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GeForce GTX 560 Ti vs Radeon HD 6570 (OEM) 2GB


The GeForce GTX 560 Ti uses a 40 nm design. nVidia has clocked the core speed at 822 MHz. The GDDR5 RAM runs at a speed of 1002 MHz on this particular card. It features 384 SPUs along with 64 Texture Address Units and 32 ROPs.

Compare all that to the Radeon HD 6570 (OEM) 2GB, which has GPU clock speed of 650 MHz, and 1024 MB of GDDR5 RAM running at 1000 MHz through a 128-bit bus. It also is comprised of 480 SPUs, 24 TAUs, and 8 Raster Operation Units.

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Power Usage and Theoretical Benchmarks

Power Consumption (Max TDP)

Radeon HD 6570 (OEM) 2GB 50 Watts
GeForce GTX 560 Ti 170 Watts
Difference: 120 Watts (240%)

Memory Bandwidth

Theoretically speaking, the GeForce GTX 560 Ti should perform quite a bit faster than the Radeon HD 6570 (OEM) 2GB in general. (explain)

GeForce GTX 560 Ti 128256 MB/sec
Radeon HD 6570 (OEM) 2GB 64000 MB/sec
Difference: 64256 (100%)

Texel Rate

The GeForce GTX 560 Ti will be quite a bit (more or less 237%) faster with regards to texture filtering than the Radeon HD 6570 (OEM) 2GB. (explain)

GeForce GTX 560 Ti 52608 Mtexels/sec
Radeon HD 6570 (OEM) 2GB 15600 Mtexels/sec
Difference: 37008 (237%)

Pixel Rate

The GeForce GTX 560 Ti should be a lot (about 406%) more effective at AA than the Radeon HD 6570 (OEM) 2GB, and also will be able to handle higher resolutions better. (explain)

GeForce GTX 560 Ti 26304 Mpixels/sec
Radeon HD 6570 (OEM) 2GB 5200 Mpixels/sec
Difference: 21104 (406%)

Please note that the above 'benchmarks' are all just theoretical - the results were calculated based on the card's specifications, and real-world performance may (and probably will) vary at least a bit.

Price Comparison

Display Prices

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GeForce GTX 560 Ti

Radeon HD 6570 (OEM) 2GB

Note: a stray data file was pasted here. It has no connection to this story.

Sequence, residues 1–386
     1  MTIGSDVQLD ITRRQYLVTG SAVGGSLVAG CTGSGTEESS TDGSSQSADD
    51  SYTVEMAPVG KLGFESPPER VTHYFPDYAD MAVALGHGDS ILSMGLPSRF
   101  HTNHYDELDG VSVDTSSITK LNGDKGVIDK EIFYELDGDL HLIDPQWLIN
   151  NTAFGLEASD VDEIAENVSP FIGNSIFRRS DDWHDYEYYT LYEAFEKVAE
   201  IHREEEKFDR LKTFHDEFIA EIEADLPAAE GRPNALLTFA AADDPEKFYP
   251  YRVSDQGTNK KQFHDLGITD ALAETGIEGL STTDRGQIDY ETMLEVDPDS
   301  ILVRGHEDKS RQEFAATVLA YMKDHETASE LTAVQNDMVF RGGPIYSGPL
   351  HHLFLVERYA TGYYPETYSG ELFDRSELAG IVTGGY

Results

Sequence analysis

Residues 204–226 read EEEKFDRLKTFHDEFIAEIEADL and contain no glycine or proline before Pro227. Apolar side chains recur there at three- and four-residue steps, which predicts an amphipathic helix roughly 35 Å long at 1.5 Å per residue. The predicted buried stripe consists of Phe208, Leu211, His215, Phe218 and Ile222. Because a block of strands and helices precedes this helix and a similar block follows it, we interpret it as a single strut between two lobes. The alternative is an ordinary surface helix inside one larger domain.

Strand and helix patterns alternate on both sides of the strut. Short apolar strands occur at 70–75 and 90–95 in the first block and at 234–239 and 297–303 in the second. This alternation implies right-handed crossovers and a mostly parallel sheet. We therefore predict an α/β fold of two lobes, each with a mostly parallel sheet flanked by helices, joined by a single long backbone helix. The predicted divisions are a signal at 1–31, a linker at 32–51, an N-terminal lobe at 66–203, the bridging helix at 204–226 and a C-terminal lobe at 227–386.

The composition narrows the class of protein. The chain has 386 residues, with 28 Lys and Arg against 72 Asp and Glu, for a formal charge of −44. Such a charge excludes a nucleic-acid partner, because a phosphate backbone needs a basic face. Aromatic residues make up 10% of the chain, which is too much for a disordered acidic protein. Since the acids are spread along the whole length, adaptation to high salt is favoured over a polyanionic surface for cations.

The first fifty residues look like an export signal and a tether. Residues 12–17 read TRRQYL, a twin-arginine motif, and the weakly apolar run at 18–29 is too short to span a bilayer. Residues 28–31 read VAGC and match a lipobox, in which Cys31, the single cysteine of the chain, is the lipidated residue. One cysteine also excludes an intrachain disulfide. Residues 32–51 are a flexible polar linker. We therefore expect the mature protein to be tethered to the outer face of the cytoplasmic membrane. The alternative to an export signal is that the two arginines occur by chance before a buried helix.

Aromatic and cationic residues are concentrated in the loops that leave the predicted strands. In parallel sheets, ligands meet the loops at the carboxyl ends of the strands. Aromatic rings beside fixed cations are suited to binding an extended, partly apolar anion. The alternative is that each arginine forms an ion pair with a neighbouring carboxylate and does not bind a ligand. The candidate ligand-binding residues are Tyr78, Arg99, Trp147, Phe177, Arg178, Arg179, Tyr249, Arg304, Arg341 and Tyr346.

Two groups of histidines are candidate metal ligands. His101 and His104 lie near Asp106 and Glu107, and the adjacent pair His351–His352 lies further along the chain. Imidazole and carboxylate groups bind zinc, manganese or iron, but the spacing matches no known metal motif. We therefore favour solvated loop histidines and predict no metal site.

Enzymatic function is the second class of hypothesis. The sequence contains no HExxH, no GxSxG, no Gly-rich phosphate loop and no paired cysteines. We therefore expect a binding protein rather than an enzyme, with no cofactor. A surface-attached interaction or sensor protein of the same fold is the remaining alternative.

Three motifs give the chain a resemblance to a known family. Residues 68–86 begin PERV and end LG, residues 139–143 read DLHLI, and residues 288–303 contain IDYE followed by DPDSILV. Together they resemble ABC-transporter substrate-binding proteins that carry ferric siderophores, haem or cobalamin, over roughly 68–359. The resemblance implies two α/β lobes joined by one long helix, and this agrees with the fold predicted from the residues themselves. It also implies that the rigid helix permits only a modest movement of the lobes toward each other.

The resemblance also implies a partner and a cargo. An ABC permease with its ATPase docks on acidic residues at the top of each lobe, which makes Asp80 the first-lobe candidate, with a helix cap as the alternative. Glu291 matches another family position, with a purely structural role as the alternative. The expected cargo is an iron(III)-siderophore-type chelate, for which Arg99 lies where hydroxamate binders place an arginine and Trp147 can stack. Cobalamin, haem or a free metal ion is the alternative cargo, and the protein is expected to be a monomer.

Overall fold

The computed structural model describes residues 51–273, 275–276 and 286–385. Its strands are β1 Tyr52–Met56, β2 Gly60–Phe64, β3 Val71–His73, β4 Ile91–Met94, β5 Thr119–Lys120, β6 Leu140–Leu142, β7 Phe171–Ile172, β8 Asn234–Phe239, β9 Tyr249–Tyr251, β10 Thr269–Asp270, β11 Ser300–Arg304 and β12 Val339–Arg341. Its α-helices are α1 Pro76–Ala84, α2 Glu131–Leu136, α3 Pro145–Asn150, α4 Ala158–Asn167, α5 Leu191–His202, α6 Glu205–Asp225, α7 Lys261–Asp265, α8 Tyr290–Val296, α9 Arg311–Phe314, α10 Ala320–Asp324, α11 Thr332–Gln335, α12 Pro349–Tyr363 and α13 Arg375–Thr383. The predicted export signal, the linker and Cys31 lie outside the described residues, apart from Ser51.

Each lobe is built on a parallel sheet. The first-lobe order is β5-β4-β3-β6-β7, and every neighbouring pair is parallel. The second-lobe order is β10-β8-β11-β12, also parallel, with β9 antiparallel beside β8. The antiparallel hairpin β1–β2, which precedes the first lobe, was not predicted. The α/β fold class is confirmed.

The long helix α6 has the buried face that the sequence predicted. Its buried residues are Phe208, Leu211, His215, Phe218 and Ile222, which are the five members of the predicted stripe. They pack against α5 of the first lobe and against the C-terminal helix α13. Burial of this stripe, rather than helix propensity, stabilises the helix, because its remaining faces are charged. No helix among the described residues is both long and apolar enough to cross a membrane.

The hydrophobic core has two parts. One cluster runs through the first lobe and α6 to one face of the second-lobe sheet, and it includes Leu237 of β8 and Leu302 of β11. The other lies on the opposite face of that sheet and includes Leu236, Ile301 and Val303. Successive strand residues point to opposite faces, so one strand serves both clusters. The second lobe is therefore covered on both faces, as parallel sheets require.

Please note that the price comparisons are based on search keywords - sometimes it might show cards with very similar names that are not exactly the same as the one chosen in the comparison. We do try to filter out the wrong results as best we can, though.


Display Specifications

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Model GeForce GTX 560 Ti Radeon HD 6570 (OEM) 2GB
Manufacturer nVidia AMD
Year January 2011 February 2011
Code Name GF114 Turks
Memory 1024 MB 1024 MB
Core Speed 822 MHz 650 MHz
Memory Speed 4008 MHz 4000 MHz
Power (Max TDP) 170 watts 50 watts
Bandwidth 128256 MB/sec 64000 MB/sec
Texel Rate 52608 Mtexels/sec 15600 Mtexels/sec
Pixel Rate 26304 Mpixels/sec 5200 Mpixels/sec
Unified Shaders 384 480
Texture Mapping Units 64 24
Render Output Units 32 8
Bus Type GDDR5 GDDR5
Bus Width 256-bit 128-bit
Fab Process 40 nm 40 nm
Transistors 1950 million 715 million
Bus PCIe x16 PCIe 2.1 x16
DirectX Version DirectX 11 DirectX 11
OpenGL Version OpenGL 4.1 OpenGL 4.1

Memory Bandwidth: Memory bandwidth is the max amount of information (in units of MB per second) that can be transferred past the external memory interface in one second. It's calculated by multiplying the card's interface width by its memory speed. If the card has DDR type RAM, the result should be multiplied by 2 once again. If it uses DDR5, multiply by ANOTHER 2x. The higher the memory bandwidth, the faster the card will be in general. It especially helps with anti-aliasing, High Dynamic Range and higher screen resolutions.

Texel Rate: Texel rate is the maximum amount of texture map elements (texels) that can be applied in one second. This number is worked out by multiplying the total number of texture units of the card by the core clock speed of the chip. The higher the texel rate, the better the video card will be at handling texture filtering (anisotropic filtering - AF). It is measured in millions of texels processed in one second.

Pixel Rate: Pixel rate is the maximum number of pixels that the graphics chip can possibly record to the local memory per second - measured in millions of pixels per second. Pixel rate is worked out by multiplying the number of colour ROPs by the the card's clock speed. ROPs (Raster Operations Pipelines - also sometimes called Render Output Units) are responsible for drawing the pixels (image) on the screen. The actual pixel output rate is also dependant on many other factors, most notably the memory bandwidth - the lower the memory bandwidth is, the lower the ability to get to the max fill rate.


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